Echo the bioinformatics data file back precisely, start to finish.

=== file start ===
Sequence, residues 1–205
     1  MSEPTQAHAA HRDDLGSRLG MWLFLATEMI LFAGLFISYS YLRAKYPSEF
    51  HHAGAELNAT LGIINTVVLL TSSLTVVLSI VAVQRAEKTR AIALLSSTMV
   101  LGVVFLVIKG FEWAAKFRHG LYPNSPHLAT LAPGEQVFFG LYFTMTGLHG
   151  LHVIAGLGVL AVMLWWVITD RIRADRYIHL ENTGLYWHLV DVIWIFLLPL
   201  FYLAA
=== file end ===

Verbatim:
Sequence, residues 1–205
     1  MSEPTQAHAA HRDDLGSRLG MWLFLATEMI LFAGLFISYS YLRAKYPSEF
    51  HHAGAELNAT LGIINTVVLL TSSLTVVLSI VAVQRAEKTR AIALLSSTMV
   101  LGVVFLVIKG FEWAAKFRHG LYPNSPHLAT LAPGEQVFFG LYFTMTGLHG
   151  LHVIAGLGVL AVMLWWVITD RIRADRYIHL ENTGLYWHLV DVIWIFLLPL
   201  FYLAA